When Did I Get Old?

I like to think of myself as being somewhat in step. I read blogs, magazines and newspapers, utilize technology, and try to dress in a way that reflects an awareness of fashion trends.  Most importantly, I see the value, and invest time in, learning from the youngins.  I fight to stay young in my heart and in my head, even though happy hour is now more apt to mean a nap. 

As a result, it came as a bit of a surprise this week to learn I’ve been date stamped.

During a workshop I was delivering, I used the term Pollyanna to describe a sense of possibilities, being optimistic, and seeing life as a glass of water half full. When a good half of the audience clearly didn’t understand the reference, I knew I had dated myself.  Most of them were simply too young to have seen the Walt Disney movie that starred Hayley Mills. It didn’t get any better when I asked them if they understood the reference. One young woman replied that she although hadn’t seen the movie, she was familiar with the term Pollyanna because it was one her mother and grandmother used.

So the question that whupped me upside the head was, “When did I get old?”

My guess is that I’m not the only baby boomer grappling with that question.  For sure it’s a question all boomers need to address on a personal level – and being a Pollyanna who sees the possibilities helps immensely. However, as the first wave of boomers turns 65 this year, it is also a key question that government, organizations, and businesses must address. 

The Canadian population is becoming significantly older, and the demographic and societal changes that result will affect how our communities look and function.  Not only are there more older people, they are living longer, and for the most part are more active and healthier than ever before.  I don’t think I’m the only boomer making regular visits to the gym and the natural food section of the grocery store. 

Ultimately we need to give this some thought.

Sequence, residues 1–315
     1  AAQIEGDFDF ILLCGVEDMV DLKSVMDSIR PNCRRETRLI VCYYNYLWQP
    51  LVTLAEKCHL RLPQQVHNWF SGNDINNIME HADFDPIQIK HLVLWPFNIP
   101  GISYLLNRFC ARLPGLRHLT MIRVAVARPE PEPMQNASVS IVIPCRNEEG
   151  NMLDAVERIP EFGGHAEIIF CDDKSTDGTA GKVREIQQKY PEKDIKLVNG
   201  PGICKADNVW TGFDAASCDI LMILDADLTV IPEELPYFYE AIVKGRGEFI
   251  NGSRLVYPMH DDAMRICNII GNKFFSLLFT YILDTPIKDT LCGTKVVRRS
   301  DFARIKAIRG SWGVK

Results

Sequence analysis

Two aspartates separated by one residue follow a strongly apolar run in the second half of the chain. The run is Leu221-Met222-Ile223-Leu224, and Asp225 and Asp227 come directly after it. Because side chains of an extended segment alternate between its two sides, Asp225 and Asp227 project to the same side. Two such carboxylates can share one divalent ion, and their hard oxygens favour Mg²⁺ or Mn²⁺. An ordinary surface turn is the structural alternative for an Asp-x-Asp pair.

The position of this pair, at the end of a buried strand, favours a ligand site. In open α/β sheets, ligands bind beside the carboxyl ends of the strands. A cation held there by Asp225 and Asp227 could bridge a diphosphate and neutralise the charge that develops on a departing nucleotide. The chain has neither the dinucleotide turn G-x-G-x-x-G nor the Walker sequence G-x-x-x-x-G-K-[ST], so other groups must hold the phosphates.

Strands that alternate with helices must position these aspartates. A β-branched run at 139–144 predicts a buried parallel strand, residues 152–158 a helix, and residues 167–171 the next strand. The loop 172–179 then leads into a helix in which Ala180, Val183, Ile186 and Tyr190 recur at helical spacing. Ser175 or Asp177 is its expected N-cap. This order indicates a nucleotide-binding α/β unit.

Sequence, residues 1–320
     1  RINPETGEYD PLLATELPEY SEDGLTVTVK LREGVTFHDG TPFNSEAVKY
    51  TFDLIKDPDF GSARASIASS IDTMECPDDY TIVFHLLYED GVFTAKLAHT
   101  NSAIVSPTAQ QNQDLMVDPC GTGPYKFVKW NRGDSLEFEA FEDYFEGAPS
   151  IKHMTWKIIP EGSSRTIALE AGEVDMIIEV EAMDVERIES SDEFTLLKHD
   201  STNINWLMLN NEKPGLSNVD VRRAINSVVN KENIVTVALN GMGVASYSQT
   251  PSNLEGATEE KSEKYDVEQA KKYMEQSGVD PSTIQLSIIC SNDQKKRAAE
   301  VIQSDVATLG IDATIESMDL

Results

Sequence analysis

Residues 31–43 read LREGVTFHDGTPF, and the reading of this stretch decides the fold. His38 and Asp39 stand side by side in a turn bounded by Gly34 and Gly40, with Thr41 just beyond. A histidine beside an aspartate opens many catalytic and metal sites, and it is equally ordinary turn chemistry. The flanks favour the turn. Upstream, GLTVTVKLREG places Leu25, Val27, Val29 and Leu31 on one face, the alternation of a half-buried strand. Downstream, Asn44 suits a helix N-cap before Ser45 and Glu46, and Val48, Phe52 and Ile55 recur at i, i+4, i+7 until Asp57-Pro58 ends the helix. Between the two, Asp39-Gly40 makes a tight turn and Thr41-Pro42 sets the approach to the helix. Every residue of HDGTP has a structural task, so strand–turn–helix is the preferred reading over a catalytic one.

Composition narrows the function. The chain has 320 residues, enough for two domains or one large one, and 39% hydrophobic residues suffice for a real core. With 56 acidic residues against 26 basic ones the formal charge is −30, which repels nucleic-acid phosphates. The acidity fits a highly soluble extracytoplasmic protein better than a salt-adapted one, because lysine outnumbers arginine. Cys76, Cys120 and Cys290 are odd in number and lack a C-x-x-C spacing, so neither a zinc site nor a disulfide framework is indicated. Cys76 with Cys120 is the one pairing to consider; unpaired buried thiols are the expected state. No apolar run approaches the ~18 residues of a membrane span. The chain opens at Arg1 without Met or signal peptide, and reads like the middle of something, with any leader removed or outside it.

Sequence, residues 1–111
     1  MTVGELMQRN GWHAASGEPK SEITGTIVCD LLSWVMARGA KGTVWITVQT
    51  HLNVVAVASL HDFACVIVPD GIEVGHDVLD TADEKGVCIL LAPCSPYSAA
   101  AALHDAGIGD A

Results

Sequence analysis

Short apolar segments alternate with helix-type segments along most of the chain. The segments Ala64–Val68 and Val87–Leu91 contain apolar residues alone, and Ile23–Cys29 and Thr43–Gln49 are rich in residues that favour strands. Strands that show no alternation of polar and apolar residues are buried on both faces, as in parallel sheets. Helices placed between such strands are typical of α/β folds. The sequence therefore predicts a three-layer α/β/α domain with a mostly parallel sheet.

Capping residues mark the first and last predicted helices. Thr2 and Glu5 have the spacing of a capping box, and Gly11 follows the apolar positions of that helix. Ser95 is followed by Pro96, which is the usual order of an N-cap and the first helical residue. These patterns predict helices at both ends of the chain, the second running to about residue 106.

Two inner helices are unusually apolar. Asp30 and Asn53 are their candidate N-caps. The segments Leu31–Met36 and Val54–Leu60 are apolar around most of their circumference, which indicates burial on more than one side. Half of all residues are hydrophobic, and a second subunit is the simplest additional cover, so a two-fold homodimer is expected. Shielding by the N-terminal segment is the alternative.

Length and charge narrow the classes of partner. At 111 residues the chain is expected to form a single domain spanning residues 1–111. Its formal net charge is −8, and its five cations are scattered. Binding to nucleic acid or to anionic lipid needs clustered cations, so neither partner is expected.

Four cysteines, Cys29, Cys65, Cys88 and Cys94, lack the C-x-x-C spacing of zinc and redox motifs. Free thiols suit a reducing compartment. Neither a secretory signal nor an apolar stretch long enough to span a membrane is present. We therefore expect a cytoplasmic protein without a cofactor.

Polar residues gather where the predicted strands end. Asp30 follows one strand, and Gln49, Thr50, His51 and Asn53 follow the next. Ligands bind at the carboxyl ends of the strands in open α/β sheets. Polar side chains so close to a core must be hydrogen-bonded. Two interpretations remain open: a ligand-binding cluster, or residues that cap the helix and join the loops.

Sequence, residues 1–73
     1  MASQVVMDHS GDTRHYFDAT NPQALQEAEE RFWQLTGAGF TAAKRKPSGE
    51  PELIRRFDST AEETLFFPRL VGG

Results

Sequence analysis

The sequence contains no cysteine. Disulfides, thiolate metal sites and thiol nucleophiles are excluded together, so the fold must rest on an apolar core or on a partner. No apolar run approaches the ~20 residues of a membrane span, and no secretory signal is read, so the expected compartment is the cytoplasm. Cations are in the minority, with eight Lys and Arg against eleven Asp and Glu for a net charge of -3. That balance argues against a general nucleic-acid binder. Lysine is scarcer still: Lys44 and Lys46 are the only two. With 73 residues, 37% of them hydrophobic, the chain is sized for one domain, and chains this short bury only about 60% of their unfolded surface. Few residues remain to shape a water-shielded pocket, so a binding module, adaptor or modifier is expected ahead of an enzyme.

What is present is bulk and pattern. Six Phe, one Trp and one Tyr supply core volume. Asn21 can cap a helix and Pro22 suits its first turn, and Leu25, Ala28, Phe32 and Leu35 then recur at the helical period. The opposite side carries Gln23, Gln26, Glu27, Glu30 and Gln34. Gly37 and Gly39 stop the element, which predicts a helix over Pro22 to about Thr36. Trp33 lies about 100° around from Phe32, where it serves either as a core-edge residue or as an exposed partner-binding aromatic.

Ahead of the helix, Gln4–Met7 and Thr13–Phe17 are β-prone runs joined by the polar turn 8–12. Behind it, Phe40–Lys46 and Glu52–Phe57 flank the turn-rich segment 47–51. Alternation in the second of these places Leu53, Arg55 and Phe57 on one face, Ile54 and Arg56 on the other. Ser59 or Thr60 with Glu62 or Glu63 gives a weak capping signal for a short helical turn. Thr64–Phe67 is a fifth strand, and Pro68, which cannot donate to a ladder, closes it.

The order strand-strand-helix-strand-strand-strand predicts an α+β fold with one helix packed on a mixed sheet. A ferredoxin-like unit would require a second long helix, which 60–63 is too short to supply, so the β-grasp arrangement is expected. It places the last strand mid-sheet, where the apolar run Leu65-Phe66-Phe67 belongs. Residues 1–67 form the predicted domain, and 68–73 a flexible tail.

Typically, when we think of an aging population we tend to think about those who have a reduced quality of life as the result of poor health, a lack of income, or other barriers.  But the truth is, the majority of boomers won’t need or want, a lot of services or supports. But, when they do, we need to ensure their varying needs will be recognized and supported.

For all older adults we want to encourage saving for retirement, ensure access to healthcare, encourage a focus on wellness, provide a range of housing options, and make accessible transportation available.  We must also make sure that information about these services is available because they will only be useful if people know about them.

However, we also need to shift into thinking about boomers as a too often untapped resource.

In order to benefit from their skills, wisdom, experience, and reliability we need to welcome older workers, and enable those who wish to work to do so. Increased workplace flexibility is something that would make it easier for people to make that choice.

We also need to direct energy and resources to increasing the opportunities for older people to remain engaged and integrated with others in their communities and to share their wealth of talent, knowledge, experience, and skills through volunteerism. This will require that we proactively promote, support, and invest in recruiting, placing, supporting, and motivating volunteers. 

We’ll also have to need to reshape our neighbourhoods to make it easier for older people to remain in their homes and thrive. Whereas in the past we have focused on designing neighbourhoods for young families, they really should be designed to accommodate people of all ages and abilities. Why can’t all neighbourhoods be easy to walk, with accessible stores, services, and recreation and cultural opportunities?  And, why shouldn’t a community park include walking paths, glider swings, and fitness stations for grown-ups?  Why can’t we build swimming pools that have a graded entry that allows one to wade in with dignity? Why couldn’t community centres play a key role in bringing people of all ages and cultural backgrounds together, providing a focus for interaction and community service delivery?

It’s somewhat ironic that even though much of the decision-making in today’s communities is being done by boomers, there doesn’t seem to be a lot of progress in addressing our own future. Perhaps that’s our Pollyannish thinking at play, or perhaps, we just see ourselves as being forever young.

Posted on 08-14-11


Great blog, Brenda!  I think that the Boomers have so much more to give to our communities as they retire and start looking for ways to stay engaged.  Plus, our communities are richer when they have more of a diverse mix of ages, cultures, and interests.  I can’t wait to see how this all plays out…

•Posted by Janet Naclia  on  08/16/11  at  12:01 PM

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